 9 a.m. – 2 p.m., Monday, April 25 – Philadelphia Science Festival Extravaganza in Partnership with The Franklin Institute – Featuring workshops, laboratory experiments and speakers, such as Jonathan D. Essoka of the U.S. Environmental Protection Agency Region III, who will speak at 9 a.m. on the topic of “Energy and Sustainability.” This event is part of the Philadelphia Science Festival—a citywide festival being held April 15-28. Other speakers include: Dr. Veda Giri of the Fox Chase Cancer Center speaking at 10:30 a.m. on “Genetic Markers/Risk Factors for Prostate Cancer”; a 12 noon discussion by College faculty on a “NOVA scienceNOW” television topic; and Dr. Carolyn Heckman of the Fox Chase Cancer Center speaking at 1 p.m. on “Skin Cancer Prevention.”

 3:30 p.m., Monday, April 25 – Pathways Magazine launch – Join Peter Longstreth, president and CEO of the Philadelphia Industrial Development Corporation (PIDC), and Katherine Gajewski, director of the Mayor’s Office of Sustainability, as they unveil the latest issue of the College’s Pathways magazine, which focuses on green technology and sustainability. Longstreth, Gajewski and John Grady, PIDC’s executive vice president, are featured in the cover-story. Gajewski and Longstreth will speak at this invitation-only reception.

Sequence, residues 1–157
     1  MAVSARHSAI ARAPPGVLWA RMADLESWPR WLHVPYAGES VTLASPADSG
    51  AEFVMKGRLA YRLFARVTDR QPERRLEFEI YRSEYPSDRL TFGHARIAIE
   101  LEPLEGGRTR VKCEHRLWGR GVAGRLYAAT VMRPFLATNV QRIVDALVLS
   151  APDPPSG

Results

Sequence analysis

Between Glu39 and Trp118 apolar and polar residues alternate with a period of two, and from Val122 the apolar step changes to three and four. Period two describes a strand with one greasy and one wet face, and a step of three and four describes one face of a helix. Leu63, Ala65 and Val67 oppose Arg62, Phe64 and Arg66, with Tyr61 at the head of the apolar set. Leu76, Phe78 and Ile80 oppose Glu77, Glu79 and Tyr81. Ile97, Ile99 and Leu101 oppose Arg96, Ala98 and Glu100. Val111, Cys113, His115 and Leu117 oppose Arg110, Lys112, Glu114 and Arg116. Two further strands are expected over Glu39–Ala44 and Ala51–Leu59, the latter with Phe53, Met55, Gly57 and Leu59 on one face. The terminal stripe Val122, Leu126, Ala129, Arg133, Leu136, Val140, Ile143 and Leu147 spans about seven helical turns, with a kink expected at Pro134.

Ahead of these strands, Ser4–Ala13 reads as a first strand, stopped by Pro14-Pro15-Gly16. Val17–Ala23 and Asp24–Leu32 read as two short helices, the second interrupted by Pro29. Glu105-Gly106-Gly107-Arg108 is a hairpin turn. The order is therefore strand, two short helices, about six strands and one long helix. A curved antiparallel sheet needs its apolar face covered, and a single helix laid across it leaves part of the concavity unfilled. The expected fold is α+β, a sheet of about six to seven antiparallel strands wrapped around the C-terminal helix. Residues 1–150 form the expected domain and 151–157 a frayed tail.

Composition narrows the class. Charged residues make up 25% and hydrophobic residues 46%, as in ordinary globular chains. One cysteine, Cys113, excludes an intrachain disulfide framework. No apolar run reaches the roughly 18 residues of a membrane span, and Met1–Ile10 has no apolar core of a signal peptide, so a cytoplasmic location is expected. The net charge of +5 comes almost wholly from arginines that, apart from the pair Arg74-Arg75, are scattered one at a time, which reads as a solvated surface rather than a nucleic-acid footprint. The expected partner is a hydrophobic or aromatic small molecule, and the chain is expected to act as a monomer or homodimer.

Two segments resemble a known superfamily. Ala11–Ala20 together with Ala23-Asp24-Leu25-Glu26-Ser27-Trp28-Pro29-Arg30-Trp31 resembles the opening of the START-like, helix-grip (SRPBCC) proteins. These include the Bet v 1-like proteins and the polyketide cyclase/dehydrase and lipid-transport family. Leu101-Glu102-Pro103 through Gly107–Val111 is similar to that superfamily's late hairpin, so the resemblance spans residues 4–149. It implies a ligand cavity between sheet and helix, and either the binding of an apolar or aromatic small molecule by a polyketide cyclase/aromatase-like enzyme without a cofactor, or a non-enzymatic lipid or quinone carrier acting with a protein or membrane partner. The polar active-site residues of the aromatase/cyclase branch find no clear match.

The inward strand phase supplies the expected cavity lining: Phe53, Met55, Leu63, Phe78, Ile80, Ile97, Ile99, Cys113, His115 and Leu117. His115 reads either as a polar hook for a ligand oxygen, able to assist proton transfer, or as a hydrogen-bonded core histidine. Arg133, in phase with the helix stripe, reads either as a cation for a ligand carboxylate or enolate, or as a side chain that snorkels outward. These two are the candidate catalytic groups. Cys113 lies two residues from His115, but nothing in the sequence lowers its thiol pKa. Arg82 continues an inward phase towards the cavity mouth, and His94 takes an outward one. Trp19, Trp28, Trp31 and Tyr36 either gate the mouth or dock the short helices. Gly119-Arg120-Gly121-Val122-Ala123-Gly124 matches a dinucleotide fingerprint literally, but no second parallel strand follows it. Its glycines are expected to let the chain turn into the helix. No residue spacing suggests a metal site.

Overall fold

 9 a.m., Tuesday, April 26 – College for a Day (High School Recruitment) – Area high school students will tour the new NERC and learn about the College’s educational programs.

 5:30 p.m., Tuesday, April 26 – College for a Day (Adult Student Recruitment) – Philadelphia-area adult residents will be invited to tour the new NERC and learn about the College’s educational and training programs.